Data analysis for the social sciences - Kendall College of Arts and Sciences

Data analysis for the social sciences

Big data is the latest trendy skill set to embolden modern résumés. The ability to analyze data patterns and associations and relate it to human behavior is essential in the workforce. Data analysis is not merely sequestered to math and science classes. Instead, TU’s Department of Sociology has made data exploration an integral component of its curriculum.

This spring, Travis Lowe, an assistant professor of sociology, launched a new class — real world data applications. “The purpose of the class is to give students hands-on experience handling things that are bookending the traditional data analysis process,” Lowe said. “We are looking at data collection, management, and visualization as part of telling the story.”

Group PresentationAs a class project, students assisted a real client with their data collection and organizing needs. The students selected the Coffee Bunker, a nonprofit facility that provides a safe and friendly environment for veterans to enjoy mental and emotional support. From meetings for addictions to providing career assessments, the Coffee Bunker delivers a wide range of necessary veteran programs, but it did not have its data collection organized. TU students not only structured the data, but also presented it in a powerful way to inform potential funders.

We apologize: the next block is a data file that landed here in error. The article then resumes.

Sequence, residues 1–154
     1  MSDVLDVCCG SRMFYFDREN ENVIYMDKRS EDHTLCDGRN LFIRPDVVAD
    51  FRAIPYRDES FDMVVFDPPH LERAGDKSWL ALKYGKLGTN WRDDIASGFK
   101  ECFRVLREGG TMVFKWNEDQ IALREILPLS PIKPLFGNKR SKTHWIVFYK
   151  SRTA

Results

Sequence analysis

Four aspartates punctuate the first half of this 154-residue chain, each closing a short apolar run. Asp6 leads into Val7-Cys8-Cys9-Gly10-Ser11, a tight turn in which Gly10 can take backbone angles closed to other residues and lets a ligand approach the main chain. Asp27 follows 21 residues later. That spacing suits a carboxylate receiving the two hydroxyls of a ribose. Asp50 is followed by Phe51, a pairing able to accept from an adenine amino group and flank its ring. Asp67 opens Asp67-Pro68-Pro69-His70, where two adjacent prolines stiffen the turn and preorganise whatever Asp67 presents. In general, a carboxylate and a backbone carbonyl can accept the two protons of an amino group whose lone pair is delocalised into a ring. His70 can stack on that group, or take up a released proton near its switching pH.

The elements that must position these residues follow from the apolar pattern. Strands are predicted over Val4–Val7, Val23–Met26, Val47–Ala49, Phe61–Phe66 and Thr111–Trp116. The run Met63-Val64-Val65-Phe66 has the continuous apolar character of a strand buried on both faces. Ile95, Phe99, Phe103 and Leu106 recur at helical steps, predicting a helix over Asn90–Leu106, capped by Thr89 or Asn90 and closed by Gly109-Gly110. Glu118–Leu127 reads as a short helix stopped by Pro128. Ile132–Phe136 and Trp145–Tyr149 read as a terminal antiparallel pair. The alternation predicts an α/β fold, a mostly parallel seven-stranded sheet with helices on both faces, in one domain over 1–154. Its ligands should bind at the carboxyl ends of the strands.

“This class has really helped me in terms of my confidence going into internships or first-year job positions,” Hannah Vissers, a junior sociology major, explained. “Data is the new ‘in thing.’ Knowing that I have the resources and skills to do that without feeling completely overwhelmed is helpful. Plus, it looks great on a résumé.”

When digesting data, Lowe wants his students to beware of making common mistakes. Students started the class considering the ethics of data by reading Damned Lies and Statistics by Joel Best. “Best cautions against making wrong comparisons and ones that don’t make sense,” Lowe said. “He even shows how one single statistic, when construed differently, could support one side of an argument or another.” A strong moral compass is imperative for good data analysis.

The production of knowledge is inherently a sociological question. Ease with statistics is a skill in high demand. Armed with basic statistical analysis, TU sociology students are more conscientious citizens. “Being a critical consumer of quantitative information is increasingly important to being an informed voter and citizen,” Lowe said.